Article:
Of all the lessons Haiti has taught me over the years, one of the most important is how to look ahead.

Lessons on Planning: The Lafontant Archive

Pere Fritz Lafontant, showing Deborah McGrath and Sewanee students a large collection of family photographs in his bedroom. Port Au Prince, Haiti. May, 2015. [photo: Pradip Malde]

Pere Fritz Lafontant, showing Deborah McGrath and Sewanee students a large collection of family photographs in his bedroom. Port Au Prince, Haiti. May, 2015. [photo: Pradip Malde]

Of all the lessons Haiti has taught me over the years, one of the most important is how to look ahead. This is a place where flexibility is key, as there is usually some variable that wasn’t accounted for, but that can derail the best laid plans. As anyone who has lived or worked in Haiti can tell you, scheduling is a nightmare. Obviously though, without a plan very little can be accomplished, especially if working with constrained time and resources. To be effective here one must learn to strike a delicate balance. You have to be able to look far into the future and decide, based on past experience, the best way to go about doing whatever it is you’re have to do. You cannot however become overly attached to any decision or plan, as you will often, at a moment’s notice, be forced to abandon them and quickly readjust. You must be ok with moving slowly, a difficulty for many Americans. Conversely, you have to develop the capability to think on your feet and make lightning fast modifications. What I’ve found is that the product of this strange kind of planning often turns out to be a better and more durable solution that what was originally imagined.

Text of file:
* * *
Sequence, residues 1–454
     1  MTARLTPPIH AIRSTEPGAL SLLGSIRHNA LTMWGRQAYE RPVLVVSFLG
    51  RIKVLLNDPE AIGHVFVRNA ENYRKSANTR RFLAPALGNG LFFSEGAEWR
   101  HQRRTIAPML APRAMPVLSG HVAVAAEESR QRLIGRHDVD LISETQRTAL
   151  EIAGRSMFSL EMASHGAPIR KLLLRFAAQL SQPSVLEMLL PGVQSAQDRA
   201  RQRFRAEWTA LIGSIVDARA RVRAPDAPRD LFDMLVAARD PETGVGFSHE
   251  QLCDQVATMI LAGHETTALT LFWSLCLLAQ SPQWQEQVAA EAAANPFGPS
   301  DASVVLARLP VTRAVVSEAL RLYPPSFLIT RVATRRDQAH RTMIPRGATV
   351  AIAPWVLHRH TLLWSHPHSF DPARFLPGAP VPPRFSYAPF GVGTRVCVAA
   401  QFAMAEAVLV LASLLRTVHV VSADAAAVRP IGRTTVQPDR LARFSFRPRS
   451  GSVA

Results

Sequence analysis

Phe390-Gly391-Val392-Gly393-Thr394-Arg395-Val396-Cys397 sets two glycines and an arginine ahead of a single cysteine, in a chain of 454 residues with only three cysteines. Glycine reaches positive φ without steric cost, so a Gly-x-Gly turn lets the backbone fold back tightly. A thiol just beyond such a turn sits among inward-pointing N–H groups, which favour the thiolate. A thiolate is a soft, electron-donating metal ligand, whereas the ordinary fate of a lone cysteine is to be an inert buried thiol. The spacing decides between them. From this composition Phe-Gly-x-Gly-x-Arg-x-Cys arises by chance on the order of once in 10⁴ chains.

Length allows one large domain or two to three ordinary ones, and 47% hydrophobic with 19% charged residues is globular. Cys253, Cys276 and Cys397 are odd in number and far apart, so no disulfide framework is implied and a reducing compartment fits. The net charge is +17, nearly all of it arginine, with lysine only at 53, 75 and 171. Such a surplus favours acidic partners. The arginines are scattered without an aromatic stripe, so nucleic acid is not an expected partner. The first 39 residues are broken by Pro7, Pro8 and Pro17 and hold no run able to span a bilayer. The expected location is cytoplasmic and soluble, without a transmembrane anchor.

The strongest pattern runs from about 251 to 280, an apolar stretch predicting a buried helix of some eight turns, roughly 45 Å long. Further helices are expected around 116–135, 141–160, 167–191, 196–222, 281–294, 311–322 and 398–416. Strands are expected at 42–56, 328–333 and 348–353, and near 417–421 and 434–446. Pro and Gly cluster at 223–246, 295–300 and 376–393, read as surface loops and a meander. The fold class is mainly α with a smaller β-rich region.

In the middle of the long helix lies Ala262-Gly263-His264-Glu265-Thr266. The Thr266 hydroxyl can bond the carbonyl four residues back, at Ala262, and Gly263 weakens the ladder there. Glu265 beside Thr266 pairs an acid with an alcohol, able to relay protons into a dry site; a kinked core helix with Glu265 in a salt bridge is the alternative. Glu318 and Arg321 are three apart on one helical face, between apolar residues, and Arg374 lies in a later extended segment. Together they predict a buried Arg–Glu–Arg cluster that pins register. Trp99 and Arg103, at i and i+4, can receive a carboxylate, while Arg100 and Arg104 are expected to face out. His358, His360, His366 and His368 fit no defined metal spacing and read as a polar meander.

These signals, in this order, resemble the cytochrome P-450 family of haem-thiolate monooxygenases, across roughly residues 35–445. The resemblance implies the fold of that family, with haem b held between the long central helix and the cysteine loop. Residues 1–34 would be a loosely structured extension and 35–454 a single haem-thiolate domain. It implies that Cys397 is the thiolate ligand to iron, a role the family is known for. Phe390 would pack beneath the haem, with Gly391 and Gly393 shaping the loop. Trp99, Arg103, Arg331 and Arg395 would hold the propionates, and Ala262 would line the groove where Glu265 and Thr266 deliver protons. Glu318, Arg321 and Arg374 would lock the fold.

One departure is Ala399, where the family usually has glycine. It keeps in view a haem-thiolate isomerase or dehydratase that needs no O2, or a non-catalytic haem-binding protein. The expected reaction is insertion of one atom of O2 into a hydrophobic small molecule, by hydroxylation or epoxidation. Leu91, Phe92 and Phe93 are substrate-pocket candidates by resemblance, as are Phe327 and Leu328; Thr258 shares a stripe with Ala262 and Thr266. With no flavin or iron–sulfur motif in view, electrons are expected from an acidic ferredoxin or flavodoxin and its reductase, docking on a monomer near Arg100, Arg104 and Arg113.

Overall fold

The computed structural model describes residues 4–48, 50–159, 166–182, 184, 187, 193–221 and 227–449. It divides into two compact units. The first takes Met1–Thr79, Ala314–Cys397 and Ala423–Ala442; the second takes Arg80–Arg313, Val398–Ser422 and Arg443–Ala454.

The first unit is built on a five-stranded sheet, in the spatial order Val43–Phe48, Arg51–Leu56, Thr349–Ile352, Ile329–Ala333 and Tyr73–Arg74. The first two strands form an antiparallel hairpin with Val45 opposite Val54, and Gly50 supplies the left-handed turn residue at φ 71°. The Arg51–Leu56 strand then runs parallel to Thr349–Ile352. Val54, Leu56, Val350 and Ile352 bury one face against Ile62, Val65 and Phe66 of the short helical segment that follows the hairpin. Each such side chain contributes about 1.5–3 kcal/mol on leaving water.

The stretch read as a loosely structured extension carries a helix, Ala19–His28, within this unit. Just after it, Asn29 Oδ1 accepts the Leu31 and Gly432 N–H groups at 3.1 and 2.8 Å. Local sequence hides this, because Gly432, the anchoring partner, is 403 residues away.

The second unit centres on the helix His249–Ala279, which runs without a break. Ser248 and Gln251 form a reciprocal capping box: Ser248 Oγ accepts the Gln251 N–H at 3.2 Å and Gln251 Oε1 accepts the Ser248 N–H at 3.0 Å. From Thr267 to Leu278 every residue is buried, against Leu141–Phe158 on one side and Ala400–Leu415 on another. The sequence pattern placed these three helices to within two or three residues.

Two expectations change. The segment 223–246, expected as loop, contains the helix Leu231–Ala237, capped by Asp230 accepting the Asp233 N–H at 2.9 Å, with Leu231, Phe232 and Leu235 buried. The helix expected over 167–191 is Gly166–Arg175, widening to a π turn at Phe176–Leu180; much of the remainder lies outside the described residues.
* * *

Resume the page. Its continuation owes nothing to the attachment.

The development of the Lafontant Archive Project has certainly followed this pattern. The work was begun last summer, and is aimed at compiling a photographic and oral history of the region. Father Fritz Lafontant, an Episcopal priest integral to much of the development of the area, has amassed a collection of thousands of photographs throughout his life. Students from Sewanee are working to digitally preserve his collection, as well as gather stories and memories related to them from community members. We are building a photographic social history of a region with very little record of events other than what those who experienced them can recall. The Lafontant Archive has been built slowly, through trial and error, and carefully made guess work. Figuring out software and protocols has been a collaborative process based around a slowly building understanding of the best practices. As the bulk of the archive as well as the community members we interview are located here in Haiti, the Sewanee team has had to make the most of the time we have here. Once we have reached a new decision which allows us to progress, we must forge ahead in order to accomplish our goals.

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